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Published by Hari Prasad Achanti

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Published by: Hari Prasad Achanti on Nov 07, 2011
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Introduction to Differential Diagnosis in Dermatology

There are over 2000 named diseases in dermatology but common things occur commonly. They just sometimes look a bit different! In practice these common conditions can be diagnosed using 4 mnemonics. This approach will not appeal to the purists amongst you but it works. In a busy general practice it gives you a basis on which to approach most of the common rashes you will see. You just ask yourself the following 3 questions. 1. Is the rash skin coloured or red AND scaly or non scaly? 2. Are there pustules or blisters? 3. Is it a funny shape, colour or distribution? The mnemonics are as follows. The red rashes are the commonest in white people. 1 PMs PET for red scaly diseases 2. CU DVA EVEI for red non scaly diseases 3. II for pustular diseases 4. ICI for Blistering diseases.

1. Diagnosing skin diseases is not difficult. You look at a rash and decide if it is red and scaly or red and non scaly. If it is red and scaly you use the mnemonic PMs PET (PET is Psoriasis, Eczema and Tinea. This is the Prime Minister's Pet ( I used to always think of Kevin Rudd with a siamese cat called Petal sitting on his lap!) The first P of PM is for Pityriasis rosea or Pityriasis versicolor and the M is for Mycosis fungoides, a T cell lymphoma of the skin.) View red scaly rashes Now we know that his pet cat is called PETAL. This helps us to remember Psoriasis, Eczema and Tinea but also the less common red scaly diseases of A for Annular erythemas and L for Lupus erythematosus and Lichen Planus. 2. If it is red but not scaly consider Cellulitis, Urticaria, Drug reaction, Viral exanthem or Annular erythema .The mnemonic is C U at the Department of Veterans Affairs Evei (your girlfriend Evei) (CUDVA EVEI) where EVEI stands for Erythema multiforme, Vasculitis and Erythema nodosum and Infiltrates View the red non scaly rashes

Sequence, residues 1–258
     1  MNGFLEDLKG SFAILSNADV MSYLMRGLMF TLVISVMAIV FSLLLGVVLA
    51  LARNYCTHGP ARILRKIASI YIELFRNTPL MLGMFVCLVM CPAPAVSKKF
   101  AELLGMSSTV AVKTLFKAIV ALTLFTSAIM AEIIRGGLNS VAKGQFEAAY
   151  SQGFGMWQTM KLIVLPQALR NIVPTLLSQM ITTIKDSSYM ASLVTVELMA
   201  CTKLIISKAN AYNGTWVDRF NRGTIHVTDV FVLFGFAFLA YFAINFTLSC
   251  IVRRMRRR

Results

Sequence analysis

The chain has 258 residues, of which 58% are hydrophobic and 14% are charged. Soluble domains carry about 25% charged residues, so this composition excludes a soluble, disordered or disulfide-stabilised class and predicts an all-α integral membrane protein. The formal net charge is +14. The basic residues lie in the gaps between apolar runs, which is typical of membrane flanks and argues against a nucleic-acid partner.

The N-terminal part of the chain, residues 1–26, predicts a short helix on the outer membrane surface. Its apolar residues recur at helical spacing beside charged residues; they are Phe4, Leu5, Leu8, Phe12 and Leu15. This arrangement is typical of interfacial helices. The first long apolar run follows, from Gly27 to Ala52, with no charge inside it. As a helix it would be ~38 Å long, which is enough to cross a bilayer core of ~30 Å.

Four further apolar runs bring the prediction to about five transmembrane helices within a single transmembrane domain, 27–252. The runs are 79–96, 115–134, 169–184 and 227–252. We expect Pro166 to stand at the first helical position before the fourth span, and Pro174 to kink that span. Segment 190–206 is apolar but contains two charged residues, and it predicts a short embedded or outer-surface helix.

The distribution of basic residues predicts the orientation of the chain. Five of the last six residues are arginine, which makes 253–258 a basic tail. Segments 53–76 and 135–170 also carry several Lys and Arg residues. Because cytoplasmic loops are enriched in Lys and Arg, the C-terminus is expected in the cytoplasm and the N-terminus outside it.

If you need help with skin disease terminology try this tutorial from Logical Images. Infective blisters are usually bullous impetigo due to a staph infection. If in a dermatomal distribution blisters are likely to be Herpes Zoster. View the blistering rashes For other morphologies such as funny shape. Contact dermatitis and Infective. If there are Pustules then the mnemonic is II (aye aye) Infective( viral. colour or distribution. bacterial. Rosacea. Inflammatory causes can include drugs but remember Immunological causes in the elderly particularly bullous pemphigoid. modified fungal infection or if the vesicles are grouped herpes simplex. If there are Blisters The mnemonic is ICI(Imperial Chemical Industries) Inflammatory including Immunological. fungal) or Inflammatory eg psoriasis or a pustular drug reaction. View the pustular rashes 4. Contact dermatitis usually gives smaller vesicles rather than blisters but individual vesicles can join up into blisters. Staph folliculitis or H Simplex if grouped. . Pustules on the face are Acne. If blisters are linear and itchy it is probably a Plant contact dermatitis. Common causes include Staph folliculitis . click on the link in Labels opposite to go to the appropriate section for sample images of relevant conditions and a discussion on how to diagnose them.3.

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